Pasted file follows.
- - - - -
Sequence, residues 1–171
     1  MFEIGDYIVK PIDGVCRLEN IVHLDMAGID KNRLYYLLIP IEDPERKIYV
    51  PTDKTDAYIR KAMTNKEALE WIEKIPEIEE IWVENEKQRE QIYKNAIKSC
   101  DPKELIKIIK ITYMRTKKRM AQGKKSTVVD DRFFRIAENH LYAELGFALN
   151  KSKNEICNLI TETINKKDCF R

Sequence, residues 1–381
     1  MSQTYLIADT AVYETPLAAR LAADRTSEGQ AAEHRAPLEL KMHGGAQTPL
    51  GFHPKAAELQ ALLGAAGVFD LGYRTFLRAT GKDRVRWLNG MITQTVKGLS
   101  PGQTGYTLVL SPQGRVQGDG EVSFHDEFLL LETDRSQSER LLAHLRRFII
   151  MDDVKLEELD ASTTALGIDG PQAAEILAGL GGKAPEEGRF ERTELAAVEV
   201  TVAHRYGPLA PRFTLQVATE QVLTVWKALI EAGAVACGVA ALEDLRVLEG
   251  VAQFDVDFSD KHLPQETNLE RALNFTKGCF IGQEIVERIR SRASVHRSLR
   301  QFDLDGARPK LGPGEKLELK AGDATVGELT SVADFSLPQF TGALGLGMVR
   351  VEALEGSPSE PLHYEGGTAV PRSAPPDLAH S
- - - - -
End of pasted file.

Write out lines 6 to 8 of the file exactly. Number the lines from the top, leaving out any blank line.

Sequence, residues 1–381
     1  MSQTYLIADT AVYETPLAAR LAADRTSEGQ AAEHRAPLEL KMHGGAQTPL
    51  GFHPKAAELQ ALLGAAGVFD LGYRTFLRAT GKDRVRWLNG MITQTVKGLS